We try to give our customers an experience, not just a cocktail. It’s a path that the customer takes: surely having a cocktail here or another in a more chaotic place helps you to involve all the senses. So we don’t want to educate the customer but to make him feel comfortable and can naturally use his senses. We take great care in the research of the product, of the technique, but always linked to entertainment: this is the secret that helps the customer to be involved. Maybe those who come here for the first time start with a glass of wine, then become curious and open to the experience of cocktails. Bloody Mary and Martini were created to maintain the personality of the classic cocktail without changing it too much, then adding an extra touch of elegance and uniqueness: we like to play with colors, texture, and smells. We’ve managed to convert people who don’t drink Bloody Mary or Martini to drink them. So it’s not a question of education itself, but of making the customer a part of the experience.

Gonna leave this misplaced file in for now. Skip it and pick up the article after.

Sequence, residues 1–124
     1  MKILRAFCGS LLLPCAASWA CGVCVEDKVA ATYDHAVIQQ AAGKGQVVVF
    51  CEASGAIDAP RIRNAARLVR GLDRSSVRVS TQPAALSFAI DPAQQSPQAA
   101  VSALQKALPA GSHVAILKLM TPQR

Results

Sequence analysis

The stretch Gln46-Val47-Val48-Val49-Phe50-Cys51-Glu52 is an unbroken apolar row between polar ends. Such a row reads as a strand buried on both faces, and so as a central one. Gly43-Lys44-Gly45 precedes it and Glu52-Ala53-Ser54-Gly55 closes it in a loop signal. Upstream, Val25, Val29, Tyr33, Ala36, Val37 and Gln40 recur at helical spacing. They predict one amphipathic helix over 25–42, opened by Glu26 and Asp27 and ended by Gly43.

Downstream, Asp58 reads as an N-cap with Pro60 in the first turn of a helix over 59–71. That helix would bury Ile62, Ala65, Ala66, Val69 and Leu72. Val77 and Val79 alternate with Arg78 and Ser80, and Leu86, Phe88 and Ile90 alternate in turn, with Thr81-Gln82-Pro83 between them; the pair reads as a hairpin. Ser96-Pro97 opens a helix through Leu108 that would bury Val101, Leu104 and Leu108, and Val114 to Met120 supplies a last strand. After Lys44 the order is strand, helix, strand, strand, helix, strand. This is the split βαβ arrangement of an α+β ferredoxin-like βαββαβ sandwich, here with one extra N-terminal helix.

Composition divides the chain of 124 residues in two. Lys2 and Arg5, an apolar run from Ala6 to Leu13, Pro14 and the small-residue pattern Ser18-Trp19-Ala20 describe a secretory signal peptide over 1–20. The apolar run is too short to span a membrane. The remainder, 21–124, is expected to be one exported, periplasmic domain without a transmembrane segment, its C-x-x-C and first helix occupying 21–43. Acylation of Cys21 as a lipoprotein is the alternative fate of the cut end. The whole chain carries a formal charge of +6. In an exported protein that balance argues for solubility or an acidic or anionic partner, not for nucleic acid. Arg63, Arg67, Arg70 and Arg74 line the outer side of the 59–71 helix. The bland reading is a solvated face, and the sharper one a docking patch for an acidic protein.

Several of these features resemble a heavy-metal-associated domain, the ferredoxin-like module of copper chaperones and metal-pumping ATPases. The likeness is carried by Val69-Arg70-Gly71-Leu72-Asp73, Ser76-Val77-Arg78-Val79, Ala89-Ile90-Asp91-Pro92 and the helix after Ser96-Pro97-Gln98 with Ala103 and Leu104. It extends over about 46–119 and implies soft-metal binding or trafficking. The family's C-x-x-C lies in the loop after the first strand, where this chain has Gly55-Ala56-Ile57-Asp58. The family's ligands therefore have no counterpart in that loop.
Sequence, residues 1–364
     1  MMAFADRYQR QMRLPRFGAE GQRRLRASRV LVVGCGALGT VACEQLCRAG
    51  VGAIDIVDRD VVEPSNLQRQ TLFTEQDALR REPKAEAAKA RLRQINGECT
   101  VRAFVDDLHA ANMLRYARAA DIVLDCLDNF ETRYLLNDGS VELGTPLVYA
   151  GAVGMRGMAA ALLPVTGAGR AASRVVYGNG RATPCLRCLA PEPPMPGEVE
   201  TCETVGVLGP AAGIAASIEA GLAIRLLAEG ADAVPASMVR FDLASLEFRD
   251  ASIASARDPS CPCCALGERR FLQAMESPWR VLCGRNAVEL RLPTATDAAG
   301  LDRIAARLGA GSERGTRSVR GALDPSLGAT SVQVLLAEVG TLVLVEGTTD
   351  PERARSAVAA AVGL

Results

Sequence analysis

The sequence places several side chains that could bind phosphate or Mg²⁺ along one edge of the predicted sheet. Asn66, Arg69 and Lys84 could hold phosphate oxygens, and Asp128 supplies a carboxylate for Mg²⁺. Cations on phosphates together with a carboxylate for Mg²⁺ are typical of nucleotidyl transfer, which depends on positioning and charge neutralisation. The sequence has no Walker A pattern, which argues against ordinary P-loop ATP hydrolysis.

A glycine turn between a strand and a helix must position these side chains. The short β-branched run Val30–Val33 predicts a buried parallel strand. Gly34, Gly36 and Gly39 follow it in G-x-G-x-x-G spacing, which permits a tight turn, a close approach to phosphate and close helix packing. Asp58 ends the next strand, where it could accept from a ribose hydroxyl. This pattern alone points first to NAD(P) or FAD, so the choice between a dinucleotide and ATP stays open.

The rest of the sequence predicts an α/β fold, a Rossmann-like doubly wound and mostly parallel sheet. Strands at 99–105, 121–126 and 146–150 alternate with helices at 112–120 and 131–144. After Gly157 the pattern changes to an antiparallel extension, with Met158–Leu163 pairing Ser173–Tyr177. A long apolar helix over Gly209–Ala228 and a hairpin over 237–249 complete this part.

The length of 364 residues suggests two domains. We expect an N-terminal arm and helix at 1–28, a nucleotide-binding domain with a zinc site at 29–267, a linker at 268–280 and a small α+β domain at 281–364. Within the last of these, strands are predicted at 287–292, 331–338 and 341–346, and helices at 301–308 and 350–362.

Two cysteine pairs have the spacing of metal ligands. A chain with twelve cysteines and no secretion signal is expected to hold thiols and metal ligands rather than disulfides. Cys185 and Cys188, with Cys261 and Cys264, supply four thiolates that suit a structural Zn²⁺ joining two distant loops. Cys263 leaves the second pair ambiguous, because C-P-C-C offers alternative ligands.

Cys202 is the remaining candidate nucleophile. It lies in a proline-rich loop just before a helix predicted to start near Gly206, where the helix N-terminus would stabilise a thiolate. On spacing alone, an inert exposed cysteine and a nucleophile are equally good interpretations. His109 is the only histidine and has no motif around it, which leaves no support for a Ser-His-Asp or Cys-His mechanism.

How important is the relationship with costumers for a bartender?

Here at Connaught, we have a very classic, old-fashioned approach: professional, but friendly. The client wants to be treated uniquely but also in a friendly way. We have created customer loyalty through the hotel, but we have to let the process be natural.

Not sitting at the bar was a  choice; we wanted to leave the bar bare to create a stage from which you can see the harmonious atmosphere of the work behind a cocktail. We spent a lot of time with the client trying to explain the details of the cocktail, always without being too intrusive. 

 

From a sensory and emotional point of view, what do you want the customer to feel?